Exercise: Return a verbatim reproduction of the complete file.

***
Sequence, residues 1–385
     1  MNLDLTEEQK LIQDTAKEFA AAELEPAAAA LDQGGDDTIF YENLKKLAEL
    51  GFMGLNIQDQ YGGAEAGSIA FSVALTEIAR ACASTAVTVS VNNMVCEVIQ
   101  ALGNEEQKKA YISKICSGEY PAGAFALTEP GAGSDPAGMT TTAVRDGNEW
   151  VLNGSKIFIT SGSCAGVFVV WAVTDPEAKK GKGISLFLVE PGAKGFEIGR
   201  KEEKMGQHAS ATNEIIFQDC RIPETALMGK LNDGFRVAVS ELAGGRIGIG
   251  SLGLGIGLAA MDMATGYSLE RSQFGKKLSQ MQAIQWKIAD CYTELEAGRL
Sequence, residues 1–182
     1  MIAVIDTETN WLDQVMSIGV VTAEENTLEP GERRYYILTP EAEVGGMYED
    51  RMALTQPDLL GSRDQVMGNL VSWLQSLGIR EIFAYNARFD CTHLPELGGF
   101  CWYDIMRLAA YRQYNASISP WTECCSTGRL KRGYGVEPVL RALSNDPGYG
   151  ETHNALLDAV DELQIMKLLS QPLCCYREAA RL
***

Sequence, residues 1–385
     1  MNLDLTEEQK LIQDTAKEFA AAELEPAAAA LDQGGDDTIF YENLKKLAEL
    51  GFMGLNIQDQ YGGAEAGSIA FSVALTEIAR ACASTAVTVS VNNMVCEVIQ
   101  ALGNEEQKKA YISKICSGEY PAGAFALTEP GAGSDPAGMT TTAVRDGNEW
   151  VLNGSKIFIT SGSCAGVFVV WAVTDPEAKK GKGISLFLVE PGAKGFEIGR
   201  KEEKMGQHAS ATNEIIFQDC RIPETALMGK LNDGFRVAVS ELAGGRIGIG
   251  SLGLGIGLAA MDMATGYSLE RSQFGKKLSQ MQAIQWKIAD CYTELEAGRL
Sequence, residues 1–182
     1  MIAVIDTETN WLDQVMSIGV VTAEENTLEP GERRYYILTP EAEVGGMYED
    51  RMALTQPDLL GSRDQVMGNL VSWLQSLGIR EIFAYNARFD CTHLPELGGF
   101  CWYDIMRLAA YRQYNASISP WTECCSTGRL KRGYGVEPVL RALSNDPGYG
   151  ETHNALLDAV DELQIMKLLS QPLCCYREAA RL